Desktop Metal, a company committed to making metal 3D printing accessible to manufacturers and engineers, announced that it has launched 316L stainless steel material for prototyping and low volume production for applications in the most demanding industrial environments such as the Oil & Gas industry. marine industry, medical industry and consumer goods.
A fully austenitic steel known for its corrosion resistance and excellent mechanical properties at extreme temperatures, 316L is well-suited for applications in the most demanding industrial environments such as caustic cleaners found in food processing environments, salt water in marine applications, and chemicals in pharmaceutical manufacturing.
Providing details of how the new material can enable engineers to print metal parts across different industries, Ric Fulop, CEO and Co-Founder at Desktop Metal said, “The addition of 316L enables engineers to print metal parts for a wide range of applications, including engine parts, laboratory equipment, pulp and paper manufacturing, medical devices, chemical and petrochemical processing, kitchen appliances, jewelry and even cryogenic tools and equipment.”
“Teams are now able to iterate quickly on 316L prototypes, print complex geometries that are not possible with most manufacturing methods, and produce end use parts cost-effectively,” added Fulop.
The new material has already showed promising results across multiple industries. For example, some of the early applications of 316L parts printed with the Studio System include a combustion fuel nozzle manufactured by UK-based John Zink Hamworth Combusion. Known as The UHT Atomizer, the nozzle is a fuel oil atomizer for use with atomizing medium such as steam or air. It is typically installed in an HXG marine burner which are used on steam propulsion boilers on LNG tankers.
Speaking about how additive manufacturing technology helped the company to manufacture the nozzle, Paul Newman, General Manager at John Zink Hamworthy Combusion, UK said, “Unlike many of the parts that John Zink designs and manufactures, this UHT Atomizer can only be fabricated utilizing additive manufacturing. Design constraints of casting, machining and other methods that have bound our thinking for decades can be eliminated as additive manufacturing technology continues to evolve and progress,.”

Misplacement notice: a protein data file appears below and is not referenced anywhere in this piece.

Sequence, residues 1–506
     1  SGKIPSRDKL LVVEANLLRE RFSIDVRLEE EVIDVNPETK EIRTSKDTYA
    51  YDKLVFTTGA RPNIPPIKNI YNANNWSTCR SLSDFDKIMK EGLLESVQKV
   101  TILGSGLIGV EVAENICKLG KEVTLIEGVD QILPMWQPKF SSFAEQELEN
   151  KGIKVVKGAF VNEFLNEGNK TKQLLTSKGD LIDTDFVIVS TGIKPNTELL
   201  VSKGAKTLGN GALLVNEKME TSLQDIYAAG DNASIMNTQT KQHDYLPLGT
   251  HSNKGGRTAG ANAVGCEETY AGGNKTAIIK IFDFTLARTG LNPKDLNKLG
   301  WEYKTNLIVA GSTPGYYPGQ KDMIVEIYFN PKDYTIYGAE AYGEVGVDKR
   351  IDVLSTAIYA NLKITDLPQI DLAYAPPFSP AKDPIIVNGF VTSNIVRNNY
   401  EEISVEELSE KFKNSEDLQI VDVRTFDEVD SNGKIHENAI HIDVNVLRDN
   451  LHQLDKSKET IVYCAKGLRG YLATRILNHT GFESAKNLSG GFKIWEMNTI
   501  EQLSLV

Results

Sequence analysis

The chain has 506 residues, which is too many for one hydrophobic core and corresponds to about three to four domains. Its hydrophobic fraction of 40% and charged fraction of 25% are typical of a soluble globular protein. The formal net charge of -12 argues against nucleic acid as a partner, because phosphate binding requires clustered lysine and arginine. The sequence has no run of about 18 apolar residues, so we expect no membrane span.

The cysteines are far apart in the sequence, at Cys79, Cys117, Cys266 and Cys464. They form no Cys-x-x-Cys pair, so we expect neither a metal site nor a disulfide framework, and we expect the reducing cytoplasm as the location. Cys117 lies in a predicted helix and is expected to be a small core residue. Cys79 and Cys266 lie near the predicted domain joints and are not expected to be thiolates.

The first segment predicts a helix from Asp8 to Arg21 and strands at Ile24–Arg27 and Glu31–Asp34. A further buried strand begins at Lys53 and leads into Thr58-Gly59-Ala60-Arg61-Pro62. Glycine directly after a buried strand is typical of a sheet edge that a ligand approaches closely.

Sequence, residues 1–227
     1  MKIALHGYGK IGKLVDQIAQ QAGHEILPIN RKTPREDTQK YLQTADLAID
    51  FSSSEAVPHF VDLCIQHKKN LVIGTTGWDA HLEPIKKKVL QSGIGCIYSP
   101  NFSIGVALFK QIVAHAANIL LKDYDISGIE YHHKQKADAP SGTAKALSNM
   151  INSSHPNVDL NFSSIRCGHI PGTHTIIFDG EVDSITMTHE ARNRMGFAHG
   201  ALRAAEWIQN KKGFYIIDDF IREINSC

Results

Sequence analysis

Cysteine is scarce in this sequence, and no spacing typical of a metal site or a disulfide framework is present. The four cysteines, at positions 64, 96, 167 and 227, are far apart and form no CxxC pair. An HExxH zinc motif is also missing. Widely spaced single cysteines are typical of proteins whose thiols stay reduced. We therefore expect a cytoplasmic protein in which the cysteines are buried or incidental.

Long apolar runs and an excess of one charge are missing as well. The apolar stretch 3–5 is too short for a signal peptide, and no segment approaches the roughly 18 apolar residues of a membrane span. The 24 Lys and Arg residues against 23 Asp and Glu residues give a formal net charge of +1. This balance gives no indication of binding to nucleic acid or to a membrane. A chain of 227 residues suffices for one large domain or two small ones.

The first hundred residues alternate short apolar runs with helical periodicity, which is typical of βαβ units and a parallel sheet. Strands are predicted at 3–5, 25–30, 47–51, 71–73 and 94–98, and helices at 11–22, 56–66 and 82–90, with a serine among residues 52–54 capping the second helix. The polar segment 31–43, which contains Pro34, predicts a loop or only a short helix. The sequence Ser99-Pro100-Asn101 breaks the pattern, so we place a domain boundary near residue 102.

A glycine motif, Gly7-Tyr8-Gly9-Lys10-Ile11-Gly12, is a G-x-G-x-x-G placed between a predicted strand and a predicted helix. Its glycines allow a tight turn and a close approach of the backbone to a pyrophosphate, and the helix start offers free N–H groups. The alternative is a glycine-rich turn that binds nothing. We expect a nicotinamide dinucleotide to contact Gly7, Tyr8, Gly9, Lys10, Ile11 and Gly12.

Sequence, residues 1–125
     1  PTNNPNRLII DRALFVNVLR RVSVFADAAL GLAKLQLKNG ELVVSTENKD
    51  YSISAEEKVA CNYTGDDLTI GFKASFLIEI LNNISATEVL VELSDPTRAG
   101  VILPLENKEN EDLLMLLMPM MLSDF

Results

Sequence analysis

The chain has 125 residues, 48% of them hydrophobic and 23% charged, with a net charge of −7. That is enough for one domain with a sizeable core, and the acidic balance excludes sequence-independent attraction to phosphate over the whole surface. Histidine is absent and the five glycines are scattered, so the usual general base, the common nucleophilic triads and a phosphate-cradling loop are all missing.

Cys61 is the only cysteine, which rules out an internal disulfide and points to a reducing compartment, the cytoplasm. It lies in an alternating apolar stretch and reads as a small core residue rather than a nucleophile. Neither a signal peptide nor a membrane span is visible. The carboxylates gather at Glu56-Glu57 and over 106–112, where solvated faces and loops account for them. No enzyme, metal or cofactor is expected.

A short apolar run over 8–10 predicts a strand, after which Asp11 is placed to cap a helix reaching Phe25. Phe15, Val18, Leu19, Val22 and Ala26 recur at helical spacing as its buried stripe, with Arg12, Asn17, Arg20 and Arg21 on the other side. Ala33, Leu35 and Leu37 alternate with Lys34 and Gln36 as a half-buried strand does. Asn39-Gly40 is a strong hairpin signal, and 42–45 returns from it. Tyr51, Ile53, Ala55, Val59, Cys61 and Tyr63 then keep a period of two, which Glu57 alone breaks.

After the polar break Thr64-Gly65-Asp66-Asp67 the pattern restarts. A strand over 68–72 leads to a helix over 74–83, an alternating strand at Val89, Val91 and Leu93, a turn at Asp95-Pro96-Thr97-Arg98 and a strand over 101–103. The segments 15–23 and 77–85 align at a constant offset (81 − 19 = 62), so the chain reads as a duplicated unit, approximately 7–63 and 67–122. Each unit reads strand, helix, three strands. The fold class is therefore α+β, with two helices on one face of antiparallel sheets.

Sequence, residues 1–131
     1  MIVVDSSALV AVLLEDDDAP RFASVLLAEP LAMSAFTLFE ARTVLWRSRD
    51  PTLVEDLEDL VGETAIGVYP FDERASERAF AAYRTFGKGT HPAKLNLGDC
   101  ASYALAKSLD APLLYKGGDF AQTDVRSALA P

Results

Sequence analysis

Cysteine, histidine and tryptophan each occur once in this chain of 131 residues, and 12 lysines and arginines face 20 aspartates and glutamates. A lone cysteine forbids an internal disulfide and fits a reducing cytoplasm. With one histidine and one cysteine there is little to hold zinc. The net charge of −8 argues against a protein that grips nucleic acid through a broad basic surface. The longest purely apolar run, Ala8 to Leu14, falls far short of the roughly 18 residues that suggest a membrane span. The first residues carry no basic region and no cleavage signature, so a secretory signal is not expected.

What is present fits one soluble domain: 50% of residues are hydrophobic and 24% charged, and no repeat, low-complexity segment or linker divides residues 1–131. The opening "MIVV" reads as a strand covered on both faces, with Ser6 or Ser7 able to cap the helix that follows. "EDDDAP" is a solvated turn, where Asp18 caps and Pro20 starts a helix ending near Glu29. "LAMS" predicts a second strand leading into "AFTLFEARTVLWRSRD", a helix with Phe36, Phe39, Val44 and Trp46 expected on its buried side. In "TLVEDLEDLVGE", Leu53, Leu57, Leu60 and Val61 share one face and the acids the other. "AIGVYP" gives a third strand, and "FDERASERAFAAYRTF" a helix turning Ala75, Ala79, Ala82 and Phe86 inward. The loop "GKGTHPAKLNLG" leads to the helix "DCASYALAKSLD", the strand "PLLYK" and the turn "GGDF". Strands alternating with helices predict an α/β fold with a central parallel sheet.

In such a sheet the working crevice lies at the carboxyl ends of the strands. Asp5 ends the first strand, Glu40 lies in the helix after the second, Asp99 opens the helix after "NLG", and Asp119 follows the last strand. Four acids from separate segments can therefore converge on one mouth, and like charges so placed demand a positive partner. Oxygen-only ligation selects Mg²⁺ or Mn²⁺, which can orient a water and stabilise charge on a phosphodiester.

Another example which indicate that the new 316L is well-suited for applications in the most demanding industrial environments would be that of customized ring splint for medical use. Ring splints, are a common medical device, designed to immobilize or limit the range of motion of injured limbs.
Ring splints are typically made of injected-molded plastic in standard sizes and parts often break after a relatively short lifetime. Due to traditional manufacturing methods, finger splints cannot be customized to improve fit. However, by 3D printing in 316L, ring splints can be custom-printed, on-demand to the desired size, with the added benefit of an aesthetic finish and increased durability.
“Being able to 3D print medical grade steel parts like this finger splint, which is customized to the patient anatomy, offers many advantages as compared to previous fabrication methods that take longer and may have lower efficacy,” said Jim S. Wu, MD, Chief of Musculoskeletal Radiology and Intervention at Beth Israel Deaconess Medical Center, and Associate Professor at Harvard Medical School.
Another application of 316L is in the Oil & Gas Industry where it has been used to manufacture impellers – an essential component of pumps that helps to move fluid through systems. Used in multiple industries, impellers require complex vanes to optimize pressures in the pump for different fluids and applications.
The chemical resistance and mechanical properties that withstand extreme temperatures such as those found in cryogenic, salt water, and petroleum pumps make the 316L the ideal material in these industries.
“The oil and gas industry will be a major beneficiary of advances in metal 3D printing,” said Ahmad Khowaiter, Chief Technology Officer of Saudi Aramco.
“As the world’s premier energy and chemicals company and an early investor in Desktop Metal we look forward to advancing the state of the art and developing next generation applications where additive manufacturing can leapfrog existing manufacturing methods,” added Mr Khowaiter.
As more and more companies operating across different industries embrace metal 3D printing, there is a dire need that 3D printing companies accelerate growth to meet the demand these companies. Desktop Metal has already taken steps in this regard, For example, the materials science team at Desktop Metal is already pushing the boundaries to enable printing metal parts for a growing range of applications in as wide a material portfolio as possible.
With its launch, the 316L joins 17-4 PH stainless steel in Desktop Metal’s Studio System’s materials library. Desktop Metal already has more than 30 materials in development and now plans to add additional core metals to its portfolio throughout 2019 such as tool steels, superalloys, and copper.
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